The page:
I leave on friday afternoon and, as always, I am already planning my next trip. As I drive home I think of my week and all the weeks to come and I feel extremely lucky and privileged to have the ongoing opportunity to be a country girl again.

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Time to travel solo!

Sofia, like her sister before her, started her intercontinental travelling very early in her life. The first time she flew to Italy she was three months old and since then she has always been an excellent flyer but a reluctant traveller.

Giochi con il cuginetto

Giochi con il cuginetto

Unlike the rest of her family, she is not interested in visiting new places, she likes Melbourne and Vallecrosia. Home. Over the years she has been happy to stay at my parents’ house while we explored bits of Europe. During our last beach holiday in Queensland she never came to the beach, a beautiful tropical paradise, because it was not Bordighera’s beach, the only beach she likes!

Sof has always known what she wanted and has never been shy to express it! From the moment she could talk she made it clear that she had two homes, her one in Melbourne and her nonni’s in Italy so it didn’t come as a surprise when, at age 12, she announced that at 15 she would go to Vallecrosia with her friend Abby, for a month of the summer holiday. We barely acknowledged her statement, expecting that in three years time she would have changed her mind but we should have known better. Last year, at not quite 15, her and Abby went to spend a month at my parents’ house and had a wonderful time.

Fare i pelati con la nonna

Fare i pelati con la nonna

On Monday Sofia left for Italy again. This time she will be there for three months. This time she went by herself. She is going to school and spending time with her  italian family.

In the weeks before her departure I went through a lot of emotions and different thoughts came to my mind. I have felt incredibly happy that she has such a strong sense of belonging to my home town and my family. When asked what was her favourite thing about going to Italy she said it was her family and spending time with them. Although I have a small family we are very close. I grew up with my beloved auntie just down the street, my grandparents an everlasting presence in the first years of my life, my brother and cousin always available for a new game or a fight. We lived in a small town and were in and out of each others houses all the time. I took all this for granted but Sofia doesn’t. Her childhood in Melbourne has been very different from mine and she certainly has enjoyed every minute of growing up in a big city, with all the opportunity that this has given her. But at the same time she has been able to grow up experiencing a different lifestyle and gaining a different perspective.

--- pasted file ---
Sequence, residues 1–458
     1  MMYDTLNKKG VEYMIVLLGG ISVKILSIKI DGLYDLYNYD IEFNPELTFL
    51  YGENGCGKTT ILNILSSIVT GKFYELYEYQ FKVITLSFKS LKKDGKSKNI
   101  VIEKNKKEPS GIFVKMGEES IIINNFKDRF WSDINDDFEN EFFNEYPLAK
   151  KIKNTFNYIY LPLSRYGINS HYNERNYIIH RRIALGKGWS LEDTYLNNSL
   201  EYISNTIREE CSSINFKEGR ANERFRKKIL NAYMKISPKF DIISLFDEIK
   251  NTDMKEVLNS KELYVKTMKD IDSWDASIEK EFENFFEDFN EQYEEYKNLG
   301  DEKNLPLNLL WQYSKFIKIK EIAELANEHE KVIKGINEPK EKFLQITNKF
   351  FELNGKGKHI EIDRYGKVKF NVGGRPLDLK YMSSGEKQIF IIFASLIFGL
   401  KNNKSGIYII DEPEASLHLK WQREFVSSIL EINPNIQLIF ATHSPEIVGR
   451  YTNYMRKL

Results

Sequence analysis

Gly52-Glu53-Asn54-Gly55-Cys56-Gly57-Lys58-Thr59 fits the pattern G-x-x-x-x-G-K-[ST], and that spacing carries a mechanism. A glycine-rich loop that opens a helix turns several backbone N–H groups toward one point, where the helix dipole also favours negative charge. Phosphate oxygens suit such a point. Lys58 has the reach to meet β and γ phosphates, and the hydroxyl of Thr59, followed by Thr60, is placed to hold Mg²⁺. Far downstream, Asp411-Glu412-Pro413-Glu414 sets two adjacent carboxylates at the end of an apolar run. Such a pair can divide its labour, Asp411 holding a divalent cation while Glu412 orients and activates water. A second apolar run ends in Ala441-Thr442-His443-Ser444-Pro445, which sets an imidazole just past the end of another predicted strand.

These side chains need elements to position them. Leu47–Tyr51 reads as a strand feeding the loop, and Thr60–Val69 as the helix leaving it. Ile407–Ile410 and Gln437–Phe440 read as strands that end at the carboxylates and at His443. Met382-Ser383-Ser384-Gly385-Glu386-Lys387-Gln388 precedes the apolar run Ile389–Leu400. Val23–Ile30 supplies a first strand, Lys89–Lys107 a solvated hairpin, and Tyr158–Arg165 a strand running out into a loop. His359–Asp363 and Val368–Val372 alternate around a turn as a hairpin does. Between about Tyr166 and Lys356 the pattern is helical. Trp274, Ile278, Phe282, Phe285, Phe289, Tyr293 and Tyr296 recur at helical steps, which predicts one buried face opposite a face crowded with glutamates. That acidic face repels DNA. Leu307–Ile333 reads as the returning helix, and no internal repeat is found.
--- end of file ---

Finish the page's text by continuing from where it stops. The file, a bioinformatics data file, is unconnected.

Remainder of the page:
Coccole con zio Bigi

Coccole con zio Bigi

While I acknowledge that my childhood in Vallecrosia was pretty idillic, I struggle to see the positives about been a teenager there and I guess this is why I left as soon as I could! But Sofia, at 15, seems to love all the things I wanted to escape from! She loves the saturday night disco, the same disco my mum used to go and I managed to avoid, looking for more “alternative” entertainment! She loves the passion the youths have for trends and brand names printed on t-shirts, making everyone look boringly similar. I was a hippy in the ’80…no wonder I had to leave! She loves the stylish boys, all charm and  good looks who can’t have a conversation that doesn’t involve calcio. Needless to say, I never managed to charm any of those young, beautiful boys and this is why I still resent them and blame them of shallowness! I admit it, Sofia is right when she says I didn’t fit in because I was a loser and I guess I should be grateful she didn’t inherit my wallflower skills!

Shopping a Milano

Beside dancing and picking up boys, Sofia will have to do some learning as well. She will be going to school three days a week to practice her spoken italian and for a few hours a week she will work with a private teacher to master the mysteries of the italian grammar. As next year she will start her VCE (final exams) and she has chosen italian and french as two of her subjects, she is having some french tutoring as well. France is just around the corner after all!